Counties identified as being at risk should be targeted for enhanced surveillance, vaccination
FRIDAY, May 10, 2019 (HealthDay News) — In a commentary published online May 9 in The Lancet Infectious Diseases, an analysis is proposed that can predict counties at risk for a measles outbreak.
Sahotra Sarkar, Ph.D., from the University of Texas in Austin, and colleagues describe a quantitative model that identifies the U.S. counties with the highest risk for measles outbreak in 2019. The spatial relative risk profile was derived from a function compounding four factors: international air travel volume, nonmedical exemptions, county population, and incidence of measles outbreak at travel origin.
The researchers note that the results of these calculations are spatially consistent with the reported measles cases. At least 45 U.S. counties have reported measles cases in 2019; 30 of these are included in the top 25 at-risk counties identified in the analysis or are counties adjacent to them. The analysis correctly predicted the areas in Washington, Oregon, and New York that have had major measles outbreaks this year. Each of the counties listed as at-risk that have not yet had an outbreak in 2019 either lies adjacent to a county that has or is served by a major international airport and is therefore at risk for importing measles cases. The researchers say these counties should be targeted for enhanced surveillance and vaccination.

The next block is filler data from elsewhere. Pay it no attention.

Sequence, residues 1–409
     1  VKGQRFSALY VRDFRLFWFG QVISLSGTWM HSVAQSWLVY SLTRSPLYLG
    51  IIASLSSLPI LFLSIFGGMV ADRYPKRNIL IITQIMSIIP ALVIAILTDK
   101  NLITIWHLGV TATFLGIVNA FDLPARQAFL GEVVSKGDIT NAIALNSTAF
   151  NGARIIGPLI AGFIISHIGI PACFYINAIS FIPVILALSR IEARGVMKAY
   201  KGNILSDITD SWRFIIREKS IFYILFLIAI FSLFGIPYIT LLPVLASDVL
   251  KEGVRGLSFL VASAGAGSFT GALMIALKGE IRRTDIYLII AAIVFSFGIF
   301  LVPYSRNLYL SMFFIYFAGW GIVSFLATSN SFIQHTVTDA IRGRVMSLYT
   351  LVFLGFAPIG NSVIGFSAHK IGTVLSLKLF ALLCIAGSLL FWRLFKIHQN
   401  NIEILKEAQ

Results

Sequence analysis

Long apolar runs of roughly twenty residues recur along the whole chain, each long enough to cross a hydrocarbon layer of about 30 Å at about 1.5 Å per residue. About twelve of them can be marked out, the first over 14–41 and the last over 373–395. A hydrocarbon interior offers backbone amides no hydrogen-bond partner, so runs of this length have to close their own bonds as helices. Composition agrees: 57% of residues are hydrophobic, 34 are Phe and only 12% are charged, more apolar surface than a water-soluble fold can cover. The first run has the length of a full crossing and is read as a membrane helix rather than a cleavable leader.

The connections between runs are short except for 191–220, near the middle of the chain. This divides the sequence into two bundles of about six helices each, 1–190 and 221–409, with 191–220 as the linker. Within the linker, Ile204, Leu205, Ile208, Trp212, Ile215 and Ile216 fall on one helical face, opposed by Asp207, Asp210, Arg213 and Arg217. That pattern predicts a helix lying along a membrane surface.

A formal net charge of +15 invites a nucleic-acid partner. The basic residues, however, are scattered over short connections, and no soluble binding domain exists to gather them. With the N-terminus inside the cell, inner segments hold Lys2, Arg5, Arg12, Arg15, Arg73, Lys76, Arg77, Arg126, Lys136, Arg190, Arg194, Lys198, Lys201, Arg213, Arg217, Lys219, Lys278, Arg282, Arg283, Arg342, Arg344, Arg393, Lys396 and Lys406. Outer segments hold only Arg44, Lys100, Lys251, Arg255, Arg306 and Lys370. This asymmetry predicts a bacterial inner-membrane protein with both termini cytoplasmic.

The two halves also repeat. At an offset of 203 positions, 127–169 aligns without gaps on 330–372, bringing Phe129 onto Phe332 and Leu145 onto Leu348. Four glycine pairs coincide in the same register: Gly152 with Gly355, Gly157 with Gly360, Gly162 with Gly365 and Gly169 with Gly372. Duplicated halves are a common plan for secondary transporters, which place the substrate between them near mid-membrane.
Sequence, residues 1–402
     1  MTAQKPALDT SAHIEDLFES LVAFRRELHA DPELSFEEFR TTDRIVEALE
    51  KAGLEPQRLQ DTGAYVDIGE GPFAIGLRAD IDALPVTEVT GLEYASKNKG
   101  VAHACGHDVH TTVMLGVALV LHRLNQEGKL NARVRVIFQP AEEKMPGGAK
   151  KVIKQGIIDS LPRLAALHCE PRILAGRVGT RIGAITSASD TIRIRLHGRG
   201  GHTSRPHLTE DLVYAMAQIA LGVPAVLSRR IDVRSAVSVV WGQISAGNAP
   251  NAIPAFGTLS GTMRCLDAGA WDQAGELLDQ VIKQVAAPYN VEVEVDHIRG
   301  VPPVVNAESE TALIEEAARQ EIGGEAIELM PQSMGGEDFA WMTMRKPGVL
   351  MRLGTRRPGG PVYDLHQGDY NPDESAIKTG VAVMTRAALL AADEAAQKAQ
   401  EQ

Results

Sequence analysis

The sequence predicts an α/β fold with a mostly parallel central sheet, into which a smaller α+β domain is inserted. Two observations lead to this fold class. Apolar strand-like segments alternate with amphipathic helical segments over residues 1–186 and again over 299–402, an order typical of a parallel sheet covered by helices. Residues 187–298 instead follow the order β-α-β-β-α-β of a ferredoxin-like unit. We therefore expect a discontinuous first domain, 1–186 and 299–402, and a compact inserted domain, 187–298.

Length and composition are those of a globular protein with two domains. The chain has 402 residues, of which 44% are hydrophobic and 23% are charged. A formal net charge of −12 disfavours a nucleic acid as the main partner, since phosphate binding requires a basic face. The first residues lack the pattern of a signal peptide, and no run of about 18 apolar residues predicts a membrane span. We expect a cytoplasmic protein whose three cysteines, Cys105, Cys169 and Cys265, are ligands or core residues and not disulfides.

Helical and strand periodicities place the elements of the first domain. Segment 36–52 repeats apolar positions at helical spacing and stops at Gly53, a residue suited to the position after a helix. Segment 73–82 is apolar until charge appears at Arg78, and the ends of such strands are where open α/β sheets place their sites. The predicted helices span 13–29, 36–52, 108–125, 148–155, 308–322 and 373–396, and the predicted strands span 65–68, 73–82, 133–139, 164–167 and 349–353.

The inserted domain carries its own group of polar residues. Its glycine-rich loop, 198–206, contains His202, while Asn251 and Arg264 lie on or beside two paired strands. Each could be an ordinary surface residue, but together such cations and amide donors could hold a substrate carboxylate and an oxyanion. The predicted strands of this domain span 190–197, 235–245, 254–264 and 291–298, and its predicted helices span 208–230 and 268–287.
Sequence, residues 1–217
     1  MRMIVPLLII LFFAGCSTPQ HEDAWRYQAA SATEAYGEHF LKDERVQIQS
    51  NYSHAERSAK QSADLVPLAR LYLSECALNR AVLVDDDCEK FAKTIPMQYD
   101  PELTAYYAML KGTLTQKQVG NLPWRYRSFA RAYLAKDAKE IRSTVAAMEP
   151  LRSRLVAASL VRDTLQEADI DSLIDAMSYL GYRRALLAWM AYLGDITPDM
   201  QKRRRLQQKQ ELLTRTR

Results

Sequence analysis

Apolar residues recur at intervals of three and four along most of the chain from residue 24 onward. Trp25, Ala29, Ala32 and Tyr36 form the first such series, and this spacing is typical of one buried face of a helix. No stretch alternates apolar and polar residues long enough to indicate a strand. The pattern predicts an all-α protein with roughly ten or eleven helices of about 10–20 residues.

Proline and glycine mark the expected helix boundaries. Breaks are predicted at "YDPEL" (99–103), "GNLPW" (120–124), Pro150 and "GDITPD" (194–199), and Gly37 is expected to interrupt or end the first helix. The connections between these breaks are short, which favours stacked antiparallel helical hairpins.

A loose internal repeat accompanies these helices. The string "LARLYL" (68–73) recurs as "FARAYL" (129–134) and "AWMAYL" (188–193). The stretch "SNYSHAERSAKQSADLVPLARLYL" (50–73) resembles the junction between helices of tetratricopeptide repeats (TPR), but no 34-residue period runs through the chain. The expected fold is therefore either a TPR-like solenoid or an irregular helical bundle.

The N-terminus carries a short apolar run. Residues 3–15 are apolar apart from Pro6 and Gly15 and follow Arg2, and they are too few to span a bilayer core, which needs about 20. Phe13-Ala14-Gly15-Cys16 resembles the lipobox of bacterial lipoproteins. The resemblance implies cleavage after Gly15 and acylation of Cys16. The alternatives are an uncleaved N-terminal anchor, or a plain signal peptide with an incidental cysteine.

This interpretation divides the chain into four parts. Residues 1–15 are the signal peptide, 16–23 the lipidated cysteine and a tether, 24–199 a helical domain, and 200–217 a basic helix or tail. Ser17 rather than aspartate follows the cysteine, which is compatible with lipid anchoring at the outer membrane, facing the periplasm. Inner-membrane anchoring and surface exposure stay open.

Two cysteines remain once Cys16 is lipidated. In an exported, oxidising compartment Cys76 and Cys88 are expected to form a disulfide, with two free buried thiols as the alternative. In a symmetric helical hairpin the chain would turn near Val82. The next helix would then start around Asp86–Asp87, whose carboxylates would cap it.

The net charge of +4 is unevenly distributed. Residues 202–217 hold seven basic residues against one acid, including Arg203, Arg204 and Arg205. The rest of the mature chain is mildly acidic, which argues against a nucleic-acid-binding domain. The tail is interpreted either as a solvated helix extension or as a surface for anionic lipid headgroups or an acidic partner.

“We recommend that public health officials and policymakers prioritize monitoring the counties we identify to be at high risk that have not yet reported cases,” a coauthor said in a statement.
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